Monthly Archives: February 2013

Steps to tea dyeing/staining.

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The last time that I washed this shirt I did not use bleach but something obviously happened.  Well, I really like this shirt but I don’t really want to wear it like this.  I have decided to tea dye/stain this shirt to hopefully even the color out a bit.  While I am at it I have decide to throw in some small white crocheted doilies that I have.  A natural fiber fabric or garment must be used.  Some examples of this include cotton and linen.  Since silk is a natural fiber I am assuming that it will accept the coloring from the tea.  I do not know this for sure since I have never tried it.  If anyone knows for sure I would appreciate a comment on it.

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I do not recommend using expensive tea bags.  As seen here I am using tea bags for iced tea because they are larger.  Using less expensive tea bags cuts down on cost.  When it comes down to it, it is your garment or project so use whatever tea bags you a comfortable with.

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For this one shirt and a few small doilies I am using 10 tea bags.  The stronger that you want the color the more tea bags you need to use.  I put the water in the microwave to get it boiling and leave the tea bags in for approximately one hour.

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I pour the tea over the items in the tub and move it around frequently at first to ensure the tea is staining all of the item in the tab.  If more water is needed to ensure that the items in the tub are all saturated with the tea then do so.  I make sure that what ever it is that I am tea dyeing is wet when I pour the tea onto the item.  I prefer to let whatever I am tea dyeing sit over night.  In my opinion, it helps to ensure that the tea color has set in the fibers of whatever it is that I am tea dyeing.

The next step is to rinse the item.  With tea dyeing I do this in the washer.  Then I wash the item and dry it.  Then it is finished.  This is one of the easiest ways that I have altered the color of fabric or a garment.  It is really enjoyable for me.  The next picture will show you how everything turned out.

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I am pointing to one of the spots that was bleached before.  It is not a perfect cover up of the spot.  In order to do that I would have to match the dye color of the shirt exactly.  Next to that is one of the doilies that I tea dyed and one that is not tea dyed.  I am not unhappy with the coloring.  I did not expect the spots on the shirt to be a perfect match but I do think that it is improved.  Now I will wear the shirt, under a sweater or vest, and not feel self-conscious.  That was my goal.

The project is finished now.  I may try to dye another item with some other kind of food.  If I do I will photograph the steps and show you what I did.  I would really appreciated comments on this project.  Do you like seeing the before and after photos?  Do you like to see all of the steps?

Till next time, go and be sew creative!

I Tried Something New!

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This is a simple shirt that I made for lounging around.  It is made of plain white muslin.  I have some specific shorts that I want it to got with.  The problem is that the white color does not coordinate well.  I have seen and read about tea staining and I have always wanted to try it.  I thought that this would be the perfect opportunity.  I practiced it on some scraps of fabric, which I will be using in another project, and I liked the result.  Therefore I brewed some tea bags, 8 total, and dunked my shirt into the tea.  I let it sit overnight and then just rinsed with water and washed the shirt.  Here is the result.  I hope that you can see the subtle difference.  There is not a dramatic color change – it is subtle but the new color of the shirt goes so well with the shorts in the picture.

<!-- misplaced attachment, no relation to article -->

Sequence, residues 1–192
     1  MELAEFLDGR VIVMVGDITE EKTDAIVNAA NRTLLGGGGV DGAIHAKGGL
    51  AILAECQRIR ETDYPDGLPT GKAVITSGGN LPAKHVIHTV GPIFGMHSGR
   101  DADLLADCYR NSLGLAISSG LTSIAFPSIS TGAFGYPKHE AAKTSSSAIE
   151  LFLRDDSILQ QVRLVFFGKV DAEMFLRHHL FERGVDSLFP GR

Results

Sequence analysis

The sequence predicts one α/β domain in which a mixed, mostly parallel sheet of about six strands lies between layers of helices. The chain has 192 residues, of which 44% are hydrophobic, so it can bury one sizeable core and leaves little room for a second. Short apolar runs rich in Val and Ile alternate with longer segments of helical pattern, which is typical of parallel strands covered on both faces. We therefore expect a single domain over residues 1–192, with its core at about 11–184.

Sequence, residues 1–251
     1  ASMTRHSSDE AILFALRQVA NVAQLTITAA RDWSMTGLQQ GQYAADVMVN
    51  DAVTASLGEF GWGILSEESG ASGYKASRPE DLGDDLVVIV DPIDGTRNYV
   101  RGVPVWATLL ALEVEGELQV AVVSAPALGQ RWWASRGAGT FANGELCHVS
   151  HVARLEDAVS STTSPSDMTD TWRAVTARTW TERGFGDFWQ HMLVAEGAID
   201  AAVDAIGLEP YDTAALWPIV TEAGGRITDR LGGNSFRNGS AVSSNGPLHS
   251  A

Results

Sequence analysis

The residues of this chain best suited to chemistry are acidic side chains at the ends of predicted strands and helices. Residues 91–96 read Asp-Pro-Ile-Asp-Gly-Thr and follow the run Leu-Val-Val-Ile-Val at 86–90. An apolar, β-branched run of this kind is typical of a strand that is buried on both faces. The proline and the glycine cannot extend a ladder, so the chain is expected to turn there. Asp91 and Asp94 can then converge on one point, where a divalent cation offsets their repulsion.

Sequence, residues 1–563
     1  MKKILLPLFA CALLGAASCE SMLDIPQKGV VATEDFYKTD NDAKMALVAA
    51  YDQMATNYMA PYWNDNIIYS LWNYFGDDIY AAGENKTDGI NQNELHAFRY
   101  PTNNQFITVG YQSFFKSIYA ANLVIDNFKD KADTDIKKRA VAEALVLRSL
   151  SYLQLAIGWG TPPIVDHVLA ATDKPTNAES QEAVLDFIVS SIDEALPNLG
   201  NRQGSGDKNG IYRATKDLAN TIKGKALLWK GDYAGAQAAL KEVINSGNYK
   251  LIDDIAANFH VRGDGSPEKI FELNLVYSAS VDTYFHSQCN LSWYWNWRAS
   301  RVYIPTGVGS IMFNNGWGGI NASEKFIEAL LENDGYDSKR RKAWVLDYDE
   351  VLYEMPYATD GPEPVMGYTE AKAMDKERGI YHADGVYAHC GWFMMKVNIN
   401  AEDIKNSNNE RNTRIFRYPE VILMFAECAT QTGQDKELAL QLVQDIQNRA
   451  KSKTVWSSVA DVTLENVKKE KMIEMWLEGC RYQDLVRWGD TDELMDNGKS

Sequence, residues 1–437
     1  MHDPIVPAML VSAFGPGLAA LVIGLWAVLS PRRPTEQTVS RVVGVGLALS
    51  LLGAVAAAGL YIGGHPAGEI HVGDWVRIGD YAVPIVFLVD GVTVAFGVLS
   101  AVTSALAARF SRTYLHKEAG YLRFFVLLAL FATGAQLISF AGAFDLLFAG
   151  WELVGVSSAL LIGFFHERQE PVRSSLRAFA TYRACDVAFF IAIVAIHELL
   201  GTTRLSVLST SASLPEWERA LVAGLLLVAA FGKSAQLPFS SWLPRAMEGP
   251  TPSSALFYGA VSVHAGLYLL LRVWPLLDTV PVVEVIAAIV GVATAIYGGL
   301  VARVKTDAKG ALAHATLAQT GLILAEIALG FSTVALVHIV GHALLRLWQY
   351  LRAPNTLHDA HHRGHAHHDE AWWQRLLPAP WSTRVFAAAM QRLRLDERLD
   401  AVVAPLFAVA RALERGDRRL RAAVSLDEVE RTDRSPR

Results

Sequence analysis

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The shorts are a green and off white color.  The shirt blends so well.

I am still working on the Vogue outfit.  I have finished the pants and I am working on another pair of them because I like them so much.  The top is 85% finished.  I have decided to try something else that is new.  I will be taking photos of some of the steps to share with you.  Must go now to get to work on the Vogue outfit top.

Till next time!

The Vogue Outfit.

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This is my new project that I am now working on.  By the time that you read this I will have almost completed the pants of this outfit.  I am making the pants and tunic that I am pointing to in the picture.  Not only is this Vogue but this is a loose-fitting and comfortable outfit that I need now and in the near future.  Besides I like the casual look of it.  The denim fabric in the picture is the pants and the burgundy, hand dyed fabric to the right is going to be the sleeveless tunic.  I did not dye this fabric.  Both pieces of fabric are cotton which is needed here in the spring, summer, and fall here in Texas.  I have already made a few pairs of the shorts and I positively love them.

new project for blog 004You can see in this picture to the left that I have lengthened the tunic top by 2 inches.  This is not hard to do at all.  Just tedious when you have to do it every time.  The part at the end of the pointer is where I added in the two inches of tissue paper

new project for blog 006This picture to the right is where I lengthened the pants.  I did not lengthen the leg length because I want the pants to come to just above the ankles.  I am trying to look more cosmopolitan.  Do you think it will work?  I doubt it but that is what I want so I am going to do it.  I added 2 inches to the length which you can see at the end of the pointer to the right.